AFTER EFFECTS MOTION and ILLUSTRATOR : To get experimental and 3d images. Once can also connect certain sounds to key frames. One can trigger opacity and color as well through this. One can draw a path using AE and create loops for interactivity.

STITCHER : Play with stitching different images together



FCP : Attach sound to image, then compose it like music.

VIMEO : hi-res youtube site

Paul Coldwell

15 03 2008


There’s something about leaving something and then coming back to it. Just read my notes on the lecture of Paul Coldwell at Camberwell and I realized it is one of the most profound lectures I have ever gone to in my life. As an artist, I feel that it is one of the most important experiences that one can ever have. It leaves a lasting taste that I feel I will bring with me as I continue forward.

He mentioned empathy as the most important thing an artist can do. The idea of stepping into another person’s shoes and allowing that experience to inform us. For the piece above, he created it about the second world war, and how one can never really be another person except to draw from one’s own personal experience. He tried to express what the media did not show. How the ordinary man experienced catastrophe. He created these digital prints and exhibited them with these sculptures below.


He used everyday objects, making them into these unusable sculptures that seem more like relics after a war. He said that he gained inspiration from newspapers, journals and artists such as Morandi.

He said that being an artist meant that one put an idea or a feeling into another form so that others can look at it and experience it. This task meant that it is about familiarizing oneself with everything, observing everything so that one can put it into words. So that one can express it.


Paul Coldwell (born 1958) ‘Case Studies’ UK 2002

Etching and blind embossing from a CAD. Printed and published by London Print Studio in an edition of 20.
Plate 17.8 x 23.7 cm

As artists, he said that we imbue something with meaning by the amount of concentration we put upon it. And the viewers, as they look upon the art, they try to decipher this meaning. It is all about putting order into the world, and by learning language, that is what we try to do as human beings. In a way, this is what art does. To put some sort of order or deeper understanding of a world that we can only begin to understand. This, as he said, is the artist’s role.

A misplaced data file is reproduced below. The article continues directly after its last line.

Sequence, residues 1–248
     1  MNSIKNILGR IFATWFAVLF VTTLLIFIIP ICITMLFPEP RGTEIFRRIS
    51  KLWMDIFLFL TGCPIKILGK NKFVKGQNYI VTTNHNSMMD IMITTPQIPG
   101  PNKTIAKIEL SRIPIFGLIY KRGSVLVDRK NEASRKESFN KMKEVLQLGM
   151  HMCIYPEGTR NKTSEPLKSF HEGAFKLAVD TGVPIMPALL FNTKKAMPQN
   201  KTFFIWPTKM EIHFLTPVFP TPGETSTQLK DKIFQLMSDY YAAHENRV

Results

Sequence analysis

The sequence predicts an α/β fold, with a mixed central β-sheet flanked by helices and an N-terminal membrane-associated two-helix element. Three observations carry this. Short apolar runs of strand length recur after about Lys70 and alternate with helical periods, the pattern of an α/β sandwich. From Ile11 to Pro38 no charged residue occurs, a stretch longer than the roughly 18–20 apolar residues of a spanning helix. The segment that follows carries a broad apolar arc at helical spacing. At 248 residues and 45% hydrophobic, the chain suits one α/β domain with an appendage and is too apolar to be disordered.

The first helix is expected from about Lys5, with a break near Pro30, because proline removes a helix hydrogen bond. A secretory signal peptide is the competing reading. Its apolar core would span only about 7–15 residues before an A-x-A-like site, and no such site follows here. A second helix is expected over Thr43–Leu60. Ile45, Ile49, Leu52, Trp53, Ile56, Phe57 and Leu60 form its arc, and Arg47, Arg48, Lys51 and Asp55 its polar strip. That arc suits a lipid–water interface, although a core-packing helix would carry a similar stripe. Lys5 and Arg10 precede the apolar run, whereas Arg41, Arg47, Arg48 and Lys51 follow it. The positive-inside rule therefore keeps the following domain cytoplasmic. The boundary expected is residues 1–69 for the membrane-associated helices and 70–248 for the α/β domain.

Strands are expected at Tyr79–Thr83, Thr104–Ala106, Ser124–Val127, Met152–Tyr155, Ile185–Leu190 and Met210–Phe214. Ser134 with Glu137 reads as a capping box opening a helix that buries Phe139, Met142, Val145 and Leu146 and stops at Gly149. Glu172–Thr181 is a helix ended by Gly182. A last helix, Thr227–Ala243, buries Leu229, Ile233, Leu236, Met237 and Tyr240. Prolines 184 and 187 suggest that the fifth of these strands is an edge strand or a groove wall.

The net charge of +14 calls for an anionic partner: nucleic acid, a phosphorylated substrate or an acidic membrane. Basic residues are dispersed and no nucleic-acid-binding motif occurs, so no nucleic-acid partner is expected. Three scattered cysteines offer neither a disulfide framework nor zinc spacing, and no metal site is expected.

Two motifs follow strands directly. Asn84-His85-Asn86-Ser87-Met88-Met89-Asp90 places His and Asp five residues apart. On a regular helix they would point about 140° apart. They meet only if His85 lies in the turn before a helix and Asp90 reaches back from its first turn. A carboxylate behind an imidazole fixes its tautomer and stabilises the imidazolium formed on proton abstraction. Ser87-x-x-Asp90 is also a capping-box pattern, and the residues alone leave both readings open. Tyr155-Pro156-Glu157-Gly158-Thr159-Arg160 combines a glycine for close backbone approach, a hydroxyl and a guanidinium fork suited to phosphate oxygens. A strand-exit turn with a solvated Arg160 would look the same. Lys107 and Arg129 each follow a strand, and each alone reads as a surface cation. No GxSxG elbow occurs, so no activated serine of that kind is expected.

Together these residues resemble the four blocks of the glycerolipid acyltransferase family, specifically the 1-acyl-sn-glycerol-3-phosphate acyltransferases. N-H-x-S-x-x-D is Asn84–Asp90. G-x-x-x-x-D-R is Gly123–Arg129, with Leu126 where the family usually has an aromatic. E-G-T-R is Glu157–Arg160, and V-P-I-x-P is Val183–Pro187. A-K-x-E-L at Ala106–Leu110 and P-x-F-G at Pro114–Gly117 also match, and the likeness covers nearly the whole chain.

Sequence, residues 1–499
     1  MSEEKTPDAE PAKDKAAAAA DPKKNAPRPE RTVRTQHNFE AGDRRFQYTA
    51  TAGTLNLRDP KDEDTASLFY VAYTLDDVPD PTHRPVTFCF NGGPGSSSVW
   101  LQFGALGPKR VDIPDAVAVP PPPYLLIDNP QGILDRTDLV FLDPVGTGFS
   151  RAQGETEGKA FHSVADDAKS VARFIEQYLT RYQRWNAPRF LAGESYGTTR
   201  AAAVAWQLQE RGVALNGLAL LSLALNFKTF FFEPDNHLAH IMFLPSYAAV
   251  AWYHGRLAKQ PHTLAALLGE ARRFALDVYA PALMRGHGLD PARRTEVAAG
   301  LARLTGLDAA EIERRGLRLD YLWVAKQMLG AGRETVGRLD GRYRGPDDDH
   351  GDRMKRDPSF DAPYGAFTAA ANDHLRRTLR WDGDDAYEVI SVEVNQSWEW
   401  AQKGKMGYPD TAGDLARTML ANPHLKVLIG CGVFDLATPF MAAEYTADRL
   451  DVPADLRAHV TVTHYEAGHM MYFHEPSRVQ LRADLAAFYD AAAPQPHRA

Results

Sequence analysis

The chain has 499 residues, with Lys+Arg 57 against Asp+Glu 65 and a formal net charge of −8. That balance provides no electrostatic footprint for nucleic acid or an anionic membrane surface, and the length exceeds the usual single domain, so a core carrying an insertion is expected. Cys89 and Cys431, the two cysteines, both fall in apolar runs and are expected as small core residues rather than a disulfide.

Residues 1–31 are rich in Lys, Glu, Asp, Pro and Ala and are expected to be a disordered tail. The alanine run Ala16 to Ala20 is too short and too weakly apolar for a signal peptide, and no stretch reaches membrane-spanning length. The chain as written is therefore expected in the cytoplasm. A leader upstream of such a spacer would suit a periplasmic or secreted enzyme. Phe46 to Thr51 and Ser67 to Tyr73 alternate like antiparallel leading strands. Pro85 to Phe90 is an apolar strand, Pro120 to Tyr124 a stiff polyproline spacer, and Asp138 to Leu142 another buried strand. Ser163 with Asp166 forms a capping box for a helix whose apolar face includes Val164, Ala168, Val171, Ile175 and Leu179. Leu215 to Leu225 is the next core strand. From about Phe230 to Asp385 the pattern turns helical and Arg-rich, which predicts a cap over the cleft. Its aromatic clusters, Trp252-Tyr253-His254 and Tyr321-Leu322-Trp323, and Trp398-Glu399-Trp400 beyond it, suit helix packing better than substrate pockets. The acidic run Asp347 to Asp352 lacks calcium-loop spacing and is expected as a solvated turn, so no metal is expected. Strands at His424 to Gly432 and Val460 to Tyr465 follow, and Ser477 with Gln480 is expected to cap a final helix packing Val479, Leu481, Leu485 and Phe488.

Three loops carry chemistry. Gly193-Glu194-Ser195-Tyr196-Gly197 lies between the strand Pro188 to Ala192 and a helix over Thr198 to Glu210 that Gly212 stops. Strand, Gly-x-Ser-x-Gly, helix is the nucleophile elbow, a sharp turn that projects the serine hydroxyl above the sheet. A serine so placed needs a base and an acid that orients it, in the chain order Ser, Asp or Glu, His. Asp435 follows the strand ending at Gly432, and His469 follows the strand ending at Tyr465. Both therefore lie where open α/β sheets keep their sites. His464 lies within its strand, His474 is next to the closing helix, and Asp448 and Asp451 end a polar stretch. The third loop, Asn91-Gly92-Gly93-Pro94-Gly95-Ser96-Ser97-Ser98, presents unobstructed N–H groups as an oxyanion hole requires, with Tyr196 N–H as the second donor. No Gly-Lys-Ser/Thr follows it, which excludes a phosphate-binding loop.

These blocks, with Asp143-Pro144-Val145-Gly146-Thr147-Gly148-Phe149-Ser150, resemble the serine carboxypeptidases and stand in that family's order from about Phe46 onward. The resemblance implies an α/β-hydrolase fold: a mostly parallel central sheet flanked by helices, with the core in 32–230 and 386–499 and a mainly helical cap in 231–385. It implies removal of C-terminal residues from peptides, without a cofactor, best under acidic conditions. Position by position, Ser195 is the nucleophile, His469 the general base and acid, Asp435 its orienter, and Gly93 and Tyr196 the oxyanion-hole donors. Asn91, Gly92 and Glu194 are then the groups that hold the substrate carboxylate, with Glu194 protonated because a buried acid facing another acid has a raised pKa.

He mentioned that we must create out of some emotional response to something, an event, an experience, a person. And that we make these things with qualities in them: “a sensous-physical experience” as he calls it. He said that there must be a sensuality to an object of art. To forget philosophy really, because if you can’t hold someone’s attention for long enough, you’re dead.

He gave tips as well. He said that the scale of the work changes one’s experience of it. WE MUST BEAR IN MIND THE SCALE OF THE WORK, IT IS RELATIVE TO ITS MEANING.

He also advised to train oneself in looking at one’s work. How would this operate in the world? Where will it be?

Here are his tips:


2. TEST your work with friends and collegues

3. Know your work IN AND OUT


Things I must do with our own work:). And for future things to come!

Andy Stiff

24 01 2008

Tutorial Form 24 Jan 2008

Learned a lot from Andy today. Basically, that I’m taking on too much as a student rep, so he’ll be pulling Gary and Dom to work with me as a team for the final show coordination.

Another good point was to ask the question, ‘So what?’ about our work. Why would it be of any importance to anyone?

Another one was to HAVE FUN! Crazy from a tutor, but I suppose, I’d been getting a little too serious and we all know that does wonders for one’s creativity.

Realized also how perceptive Andy was. Thought maybe he had like psychic powers or something;). He actually read our current collaboration to a T. He said how I was trying to bounce off ideas with Mosh but basically Mosh was doing his own thing, going deep into his own project… (I had never told anyone this) and basically, how I have to keep on doing it til I get through. I think it will, I hope it will, especially because I’m getting quite frustrated. Mosh has a different process from mine (which in the end would be a really good thing) but is quite difficult honestly.

Man Woman, Paul Cava


He works with his hands…finding what he wants to say by doing it and tweaking it. I work differently. I write and I go deep into one particular idea, then I see the image.

We’re coming from opposite poles. Is this good? If we focus on the distinction, on the tension, it would be more honest. Things don’t always really fit, but somehow, there is a fluidity. I talked to him about it, and actually suggested that we begin to draw together. I’m willing to give it a shot. Something new. Something that does not need us to think. We’ll try it out.

Richard Osbourne

28 11 2007


Richard Osbourne gave us tutorials on our project, and it was one of the best focused discussions I’ve had. He even gave us a title for our work, “The Rules of the Game,” especially since we’ll be using the theories of Foucault for our framework.

The suggestions he gave us were:

Set up a number of rules for the collaboration…then break them.

To incorporate the idea of the Panopticon (the eye of power). This is about how we edit ourselves knowing that someone is watching us.

To watch The Rules of the Game by Renoir.


His idea was actually to post the rules when we do the installation. This is fabulous idea. As it reflects the unspoken code of relationships and how we break it and transform it.

Mosh and I decided to come up with the rules…much to discuss.